The first years as a charity entrepreneur might not be the best to start time-consuming new hobbies or plan extended holidays. Your work-life balance is likely to suffer as you start your venture from scratch, test it in the field, and recruit the first employees. 40 hours per week will likely not be sufficient. At the same time, the workload should also be put into perspective. For many charity entrepreneurs, the counterfactual would be climbing the career ladder in a highly demanding job such as management consulting. The work-life balance there is arguably worse. As an entrepreneur, the distinction between work and life will become less clear. After all, you have started something you truly believe in, that you pursue with a high degree of autonomy. This is a different path to working for a conglomerate in an anonymous office building. As your organization grows, delegation processes will also become more established, and you will not have to constantly extinguish fires on top of your leadership duties. Staff will take care of operations, and you will be able to focus on strategic questions. All of this reduces your workload and stress levels. Finally, while working more than 40 hours per week is clearly beneficial in the beginning, the science of productivity [1] shows that more is not always better. As a smart leader, you can resist the urge to work constantly, and consciously set windows for uninterrupted rest and recuperation.


The movie version of your life as a charity entrepreneur might involve speaking at a prestigious conference and drafting research reports in a shiny coworking space in a global capital. The reality is often less glamorous. You might be sweating in a tiny hotel room in a foreign country as you try to fix your internet connection to update your organization’s website. Initially, your organization only has you and your co-founder(s) as employees. By definition, you will have to carry out all or most of the tasks. Moreover, the large majority of duties at an NGO is operational: revising budgets, talking to lawyers, drafting work contracts, and so on. This is particularly important to consider if you come from a research background and expect charity entrepreneurship to be an applied research fellowship, which it is not in most cases. The upside of this breadth of tasks is broad skill-building and career capital. You also get to understand every process from scratch, a good remedy against the detached decision-making that hampers many larger organizations. Of course, you will be able to hire staff eventually so you can focus your time on more strategic responsibilities. In the meantime, you could outsource repetitive tasks or IT-related tasks to freelancers available through platforms such as Upwork. In sum, charity entrepreneurship brings challenges, there is no question about that. Yet there are many strategies to manage and alleviate them.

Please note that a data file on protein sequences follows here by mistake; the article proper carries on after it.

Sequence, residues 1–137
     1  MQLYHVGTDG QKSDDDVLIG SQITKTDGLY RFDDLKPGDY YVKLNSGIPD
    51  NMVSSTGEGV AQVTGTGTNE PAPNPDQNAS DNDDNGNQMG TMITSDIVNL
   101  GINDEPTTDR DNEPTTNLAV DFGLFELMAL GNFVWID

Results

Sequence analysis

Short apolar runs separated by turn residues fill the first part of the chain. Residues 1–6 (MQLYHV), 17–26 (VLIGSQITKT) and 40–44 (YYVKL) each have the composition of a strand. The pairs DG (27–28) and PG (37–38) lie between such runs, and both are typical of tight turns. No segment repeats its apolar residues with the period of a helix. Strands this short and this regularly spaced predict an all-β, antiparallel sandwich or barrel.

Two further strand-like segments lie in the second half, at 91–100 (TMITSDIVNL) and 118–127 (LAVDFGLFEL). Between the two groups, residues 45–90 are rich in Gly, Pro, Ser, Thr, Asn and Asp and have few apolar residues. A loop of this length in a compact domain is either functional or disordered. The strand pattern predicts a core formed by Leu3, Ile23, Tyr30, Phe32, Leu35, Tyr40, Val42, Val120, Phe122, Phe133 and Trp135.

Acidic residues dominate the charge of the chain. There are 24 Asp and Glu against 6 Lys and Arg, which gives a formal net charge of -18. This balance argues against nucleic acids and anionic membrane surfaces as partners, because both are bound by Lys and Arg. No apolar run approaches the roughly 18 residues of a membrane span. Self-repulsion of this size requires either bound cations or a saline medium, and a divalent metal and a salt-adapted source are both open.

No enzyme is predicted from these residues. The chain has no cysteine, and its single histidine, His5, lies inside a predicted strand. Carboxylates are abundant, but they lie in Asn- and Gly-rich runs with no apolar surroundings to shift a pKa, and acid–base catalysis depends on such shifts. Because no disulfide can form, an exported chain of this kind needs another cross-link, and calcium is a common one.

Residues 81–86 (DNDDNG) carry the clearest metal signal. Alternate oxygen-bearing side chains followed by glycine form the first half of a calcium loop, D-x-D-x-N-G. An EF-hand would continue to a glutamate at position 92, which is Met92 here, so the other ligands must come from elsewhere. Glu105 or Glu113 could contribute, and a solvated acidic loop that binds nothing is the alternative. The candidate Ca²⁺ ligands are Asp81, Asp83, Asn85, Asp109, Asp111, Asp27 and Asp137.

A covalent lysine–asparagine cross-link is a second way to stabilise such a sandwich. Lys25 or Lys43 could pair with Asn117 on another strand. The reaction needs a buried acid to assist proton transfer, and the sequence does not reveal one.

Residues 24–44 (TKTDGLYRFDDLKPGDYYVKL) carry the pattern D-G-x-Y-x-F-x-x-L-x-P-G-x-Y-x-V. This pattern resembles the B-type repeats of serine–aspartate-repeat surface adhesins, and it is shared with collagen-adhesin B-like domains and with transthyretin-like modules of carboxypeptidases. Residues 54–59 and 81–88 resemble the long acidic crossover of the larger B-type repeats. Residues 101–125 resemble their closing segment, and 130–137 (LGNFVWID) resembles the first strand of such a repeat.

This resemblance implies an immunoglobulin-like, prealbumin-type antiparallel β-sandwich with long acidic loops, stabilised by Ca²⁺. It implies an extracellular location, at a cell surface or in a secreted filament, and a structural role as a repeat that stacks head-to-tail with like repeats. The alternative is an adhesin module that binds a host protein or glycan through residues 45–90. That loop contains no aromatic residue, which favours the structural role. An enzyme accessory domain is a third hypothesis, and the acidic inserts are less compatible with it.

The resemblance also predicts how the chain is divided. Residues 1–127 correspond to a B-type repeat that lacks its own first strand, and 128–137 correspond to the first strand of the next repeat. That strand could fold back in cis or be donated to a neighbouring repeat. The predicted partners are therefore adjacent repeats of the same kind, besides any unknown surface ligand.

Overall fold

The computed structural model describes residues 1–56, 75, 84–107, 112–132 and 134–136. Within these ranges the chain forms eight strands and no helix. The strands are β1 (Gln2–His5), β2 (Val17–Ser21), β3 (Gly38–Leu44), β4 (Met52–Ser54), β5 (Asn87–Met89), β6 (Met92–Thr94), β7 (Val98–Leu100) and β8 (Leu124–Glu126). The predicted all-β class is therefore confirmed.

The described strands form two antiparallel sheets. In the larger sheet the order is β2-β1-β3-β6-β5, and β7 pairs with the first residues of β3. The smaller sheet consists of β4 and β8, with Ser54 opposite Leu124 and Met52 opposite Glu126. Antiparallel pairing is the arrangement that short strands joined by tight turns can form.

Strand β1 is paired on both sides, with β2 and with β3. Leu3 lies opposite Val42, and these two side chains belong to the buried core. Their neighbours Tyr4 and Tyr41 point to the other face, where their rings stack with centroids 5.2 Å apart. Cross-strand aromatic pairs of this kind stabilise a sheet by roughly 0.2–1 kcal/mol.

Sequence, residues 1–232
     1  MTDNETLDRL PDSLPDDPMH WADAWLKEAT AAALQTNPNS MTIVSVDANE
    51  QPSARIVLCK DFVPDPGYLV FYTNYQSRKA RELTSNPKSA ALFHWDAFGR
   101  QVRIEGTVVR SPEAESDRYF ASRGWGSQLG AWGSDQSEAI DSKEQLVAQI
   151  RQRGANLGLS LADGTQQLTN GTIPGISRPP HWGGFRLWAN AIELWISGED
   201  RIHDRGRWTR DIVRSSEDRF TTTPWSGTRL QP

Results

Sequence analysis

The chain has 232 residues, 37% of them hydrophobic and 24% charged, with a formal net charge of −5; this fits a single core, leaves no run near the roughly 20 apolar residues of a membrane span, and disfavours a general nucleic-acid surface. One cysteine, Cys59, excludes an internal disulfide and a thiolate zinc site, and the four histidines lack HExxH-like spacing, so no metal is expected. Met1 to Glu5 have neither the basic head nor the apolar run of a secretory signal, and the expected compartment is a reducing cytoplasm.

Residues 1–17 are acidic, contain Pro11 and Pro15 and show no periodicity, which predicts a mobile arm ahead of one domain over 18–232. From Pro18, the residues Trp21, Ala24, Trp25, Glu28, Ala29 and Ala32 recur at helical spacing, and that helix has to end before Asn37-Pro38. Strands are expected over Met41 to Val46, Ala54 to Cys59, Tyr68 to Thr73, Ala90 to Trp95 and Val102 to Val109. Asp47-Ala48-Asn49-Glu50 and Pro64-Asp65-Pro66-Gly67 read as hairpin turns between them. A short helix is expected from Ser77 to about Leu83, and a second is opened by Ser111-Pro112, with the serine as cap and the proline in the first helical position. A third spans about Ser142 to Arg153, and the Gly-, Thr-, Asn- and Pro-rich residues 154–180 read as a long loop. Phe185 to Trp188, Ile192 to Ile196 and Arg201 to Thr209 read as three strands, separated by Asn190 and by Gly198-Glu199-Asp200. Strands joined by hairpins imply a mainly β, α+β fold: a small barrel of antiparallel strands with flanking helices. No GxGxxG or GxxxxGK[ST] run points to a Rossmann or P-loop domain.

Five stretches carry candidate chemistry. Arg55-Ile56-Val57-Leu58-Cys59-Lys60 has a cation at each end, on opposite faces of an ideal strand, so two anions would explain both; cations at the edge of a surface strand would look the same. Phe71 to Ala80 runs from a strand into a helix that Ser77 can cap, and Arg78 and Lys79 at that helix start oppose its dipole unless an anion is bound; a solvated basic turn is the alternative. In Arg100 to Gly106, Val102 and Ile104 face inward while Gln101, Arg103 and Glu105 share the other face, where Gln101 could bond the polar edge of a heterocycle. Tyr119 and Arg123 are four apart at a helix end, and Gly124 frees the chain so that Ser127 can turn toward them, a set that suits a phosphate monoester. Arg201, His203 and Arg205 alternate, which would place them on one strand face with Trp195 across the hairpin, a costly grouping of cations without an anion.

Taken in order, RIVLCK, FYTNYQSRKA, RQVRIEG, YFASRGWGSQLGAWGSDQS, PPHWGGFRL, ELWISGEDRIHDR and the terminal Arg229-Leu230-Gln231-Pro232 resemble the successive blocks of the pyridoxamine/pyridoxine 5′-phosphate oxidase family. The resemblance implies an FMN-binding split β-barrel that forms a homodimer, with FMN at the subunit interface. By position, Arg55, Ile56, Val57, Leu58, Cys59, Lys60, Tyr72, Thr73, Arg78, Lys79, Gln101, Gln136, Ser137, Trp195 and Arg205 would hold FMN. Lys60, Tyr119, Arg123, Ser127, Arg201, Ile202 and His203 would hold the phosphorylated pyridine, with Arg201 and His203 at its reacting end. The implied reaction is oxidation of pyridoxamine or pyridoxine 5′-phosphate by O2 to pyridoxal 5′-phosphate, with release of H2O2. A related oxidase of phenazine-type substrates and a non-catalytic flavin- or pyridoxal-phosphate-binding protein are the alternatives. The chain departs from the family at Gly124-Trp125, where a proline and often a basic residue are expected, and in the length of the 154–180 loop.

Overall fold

1. Uncertainty and a high risk of failure are intertwined with an entrepreneurial journey. It helps to visualize the fact that, even the worst-case scenario of a shutdown, charity entrepreneurship is beneficial for the broader community (through lessons learned) and for yourself in terms of career capital and personal growth.

  2. You will be more financially restricted than your colleagues working in the corporate world. However, you don’t need to become a monk and give up your social life. Planning for a financial buffer and reminding yourself that you can always get a well-paid job are two additional ways to reduce anxiety about finances.

  3. Being separated from family and friends is often unavoidable in a modern work setting. Yet as a charity entrepreneur, you can split field time with a co-founder, and get to work remotely.

  4. Work-life balance as a charity entrepreneur might initially not be ideal, but is potentially better than in careers such as consulting. The additional work hours will be compensated with meaning and autonomy. You can also keep your workload in check by delegating and setting up standard processes.

  5. Charity entrepreneurship involves a lot of unglamorous work. On the plus side, this allows you to understand your organization from scratch and build broad career capital. You also have the option to hand over tasks to freelancers initially, and staff members eventually.